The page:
Adjustment and Resilience to Economic Shocks
Friday, Jan. 7, 2022 3:45 PM - 5:45 PM (EST)
- Chair: David Autor, Massachusetts Institute of Technology
The Sources of Local Labor Market Hysteresis after Recessions
AbstractU.S. local labor markets with greater employment declines during recessions experience reductions in economic activity - including employment, employment-population ratios, and earnings per capita - that are highly persistent. This paper explores the sources of local labor market hysteresis over the last 50 years. We estimate generalized difference-in-difference regressions that combine cross-sectional variation in recession severity with several confidential datasets from the U.S. Census Bureau that track workers and employers over time. Our results have not undergone disclosure review yet, but we will present the answers to several questions: (1) To what degree is local labor market hysteresis driven by changes in the composition of workers residing in an area, as opposed to lasting effects on individuals? (2) To what degree is local labor market hysteresis driven by increased job destruction or decreased job creation? (3) To what degree is local labor market hysteresis driven by changes in assortative matching between high-wage workers and high-wage employers? (4) How do employers adjust along other margins, such as the skills demanded in their job postings and capital investment? The results will deepen our understanding of how recessions affect workers and employers, which is critical for designing appropriate policy responses.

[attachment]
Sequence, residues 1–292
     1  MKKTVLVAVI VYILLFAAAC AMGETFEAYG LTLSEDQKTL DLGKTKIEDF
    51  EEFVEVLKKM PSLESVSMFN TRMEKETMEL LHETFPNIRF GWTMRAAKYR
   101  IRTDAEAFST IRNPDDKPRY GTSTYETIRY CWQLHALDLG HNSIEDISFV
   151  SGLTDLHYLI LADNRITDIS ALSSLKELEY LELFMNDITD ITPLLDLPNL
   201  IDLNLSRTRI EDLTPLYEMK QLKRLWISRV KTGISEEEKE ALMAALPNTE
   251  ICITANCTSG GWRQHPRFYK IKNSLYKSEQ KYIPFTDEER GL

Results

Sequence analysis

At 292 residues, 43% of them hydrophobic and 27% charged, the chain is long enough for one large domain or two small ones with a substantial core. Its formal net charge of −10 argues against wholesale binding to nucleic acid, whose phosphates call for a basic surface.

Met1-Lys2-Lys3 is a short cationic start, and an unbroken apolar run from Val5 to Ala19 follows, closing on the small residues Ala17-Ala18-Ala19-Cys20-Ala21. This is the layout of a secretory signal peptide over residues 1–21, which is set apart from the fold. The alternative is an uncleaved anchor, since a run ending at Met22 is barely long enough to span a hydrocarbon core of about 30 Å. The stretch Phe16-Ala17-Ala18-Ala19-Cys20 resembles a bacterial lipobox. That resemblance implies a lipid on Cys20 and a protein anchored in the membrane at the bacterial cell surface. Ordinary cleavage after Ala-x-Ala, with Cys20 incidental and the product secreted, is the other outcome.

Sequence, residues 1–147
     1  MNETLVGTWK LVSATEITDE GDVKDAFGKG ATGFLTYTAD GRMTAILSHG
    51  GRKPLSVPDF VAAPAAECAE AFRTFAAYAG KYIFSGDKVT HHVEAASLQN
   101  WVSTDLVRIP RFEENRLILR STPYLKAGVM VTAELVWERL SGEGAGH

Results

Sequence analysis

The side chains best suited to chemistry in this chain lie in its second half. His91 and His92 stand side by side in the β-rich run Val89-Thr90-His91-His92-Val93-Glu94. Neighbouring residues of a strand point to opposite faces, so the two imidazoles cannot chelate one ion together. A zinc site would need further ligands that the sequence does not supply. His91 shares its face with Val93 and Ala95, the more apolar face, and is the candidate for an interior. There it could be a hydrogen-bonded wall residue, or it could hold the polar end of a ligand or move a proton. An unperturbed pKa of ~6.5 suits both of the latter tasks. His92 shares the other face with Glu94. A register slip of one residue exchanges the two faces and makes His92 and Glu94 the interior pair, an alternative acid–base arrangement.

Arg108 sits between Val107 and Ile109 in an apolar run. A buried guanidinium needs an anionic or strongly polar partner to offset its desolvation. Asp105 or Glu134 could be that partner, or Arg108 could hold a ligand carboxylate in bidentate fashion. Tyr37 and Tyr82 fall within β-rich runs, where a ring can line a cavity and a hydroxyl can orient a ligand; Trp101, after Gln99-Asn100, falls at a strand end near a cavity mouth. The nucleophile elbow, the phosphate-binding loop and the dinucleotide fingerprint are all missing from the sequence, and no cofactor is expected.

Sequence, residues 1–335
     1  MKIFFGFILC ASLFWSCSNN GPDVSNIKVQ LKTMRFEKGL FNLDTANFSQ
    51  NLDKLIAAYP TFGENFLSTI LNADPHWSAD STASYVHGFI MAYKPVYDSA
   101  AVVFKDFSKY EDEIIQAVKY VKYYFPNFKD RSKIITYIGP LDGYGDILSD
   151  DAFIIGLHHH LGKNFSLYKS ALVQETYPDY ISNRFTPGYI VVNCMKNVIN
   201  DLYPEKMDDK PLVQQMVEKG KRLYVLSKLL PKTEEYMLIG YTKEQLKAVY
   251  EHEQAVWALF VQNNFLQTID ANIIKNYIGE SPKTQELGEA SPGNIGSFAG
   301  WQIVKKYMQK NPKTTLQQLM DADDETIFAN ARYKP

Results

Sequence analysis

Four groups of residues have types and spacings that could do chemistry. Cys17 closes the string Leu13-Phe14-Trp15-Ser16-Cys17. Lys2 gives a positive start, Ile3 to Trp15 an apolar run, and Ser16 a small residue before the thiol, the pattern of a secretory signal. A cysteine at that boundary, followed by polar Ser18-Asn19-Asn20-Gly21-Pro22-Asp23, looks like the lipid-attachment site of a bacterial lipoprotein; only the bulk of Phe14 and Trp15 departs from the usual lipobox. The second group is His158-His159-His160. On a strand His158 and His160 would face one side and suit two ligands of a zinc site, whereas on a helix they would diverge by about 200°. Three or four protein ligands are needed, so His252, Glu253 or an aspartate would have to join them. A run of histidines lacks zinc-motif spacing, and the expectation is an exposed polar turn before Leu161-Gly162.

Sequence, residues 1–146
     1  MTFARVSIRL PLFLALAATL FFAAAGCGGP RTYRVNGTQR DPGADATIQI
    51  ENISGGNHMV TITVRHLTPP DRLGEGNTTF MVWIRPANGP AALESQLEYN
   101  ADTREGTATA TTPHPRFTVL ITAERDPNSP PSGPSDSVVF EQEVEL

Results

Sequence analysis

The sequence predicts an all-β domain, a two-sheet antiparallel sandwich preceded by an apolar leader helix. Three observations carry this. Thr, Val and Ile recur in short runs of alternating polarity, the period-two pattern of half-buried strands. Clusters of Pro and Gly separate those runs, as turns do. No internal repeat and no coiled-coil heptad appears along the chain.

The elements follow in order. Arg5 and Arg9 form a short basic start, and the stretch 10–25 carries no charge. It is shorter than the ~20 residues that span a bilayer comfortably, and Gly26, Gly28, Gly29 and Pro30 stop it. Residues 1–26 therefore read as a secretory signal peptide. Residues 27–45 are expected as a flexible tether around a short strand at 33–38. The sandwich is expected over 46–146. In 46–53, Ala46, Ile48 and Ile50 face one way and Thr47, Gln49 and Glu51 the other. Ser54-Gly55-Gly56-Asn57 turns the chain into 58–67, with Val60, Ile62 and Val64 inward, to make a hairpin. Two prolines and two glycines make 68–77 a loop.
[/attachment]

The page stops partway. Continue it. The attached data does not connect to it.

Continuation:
Mismatch In Local Labor Markets: How Demand Shocks To Different Types Of Jobs Affect Diverse Local Labor Markets
AbstractThis paper estimates the effects on labor market outcomes of local labor demand shocks to different types of occupations. Occupations are divided into three groups, “high, middle, and low,” with occupations differing in wages paid and education credentials required. In a wide variety of commuting zones, and for many groups, increases in mid-occupation jobs—jobs which pay relatively well compared to required credentials, such as many jobs in manufacturing—have positive effects on labor market outcomes. These positive effects tend to be stronger for more disadvantaged groups, such as groups with less education. In commuting zones with high employment rates, and for less-educated groups, increases in high-occupation jobs tend to negatively affect labor market outcomes, possibly because of effects on in-migration that push up local prices without strong direct effects on wages and employment of less-educated groups. For the less-educated group and for Black workers, and in commuting zones (CZs) which at baseline had high employment rates and low college grad percents, low-occupation demand shocks have positive outcomes. For more-educated workers, low-occupation demand shocks tend to have negative effects on real wages.
- J2 - Demand and Supply of Labor
- J1 - Demographic Economics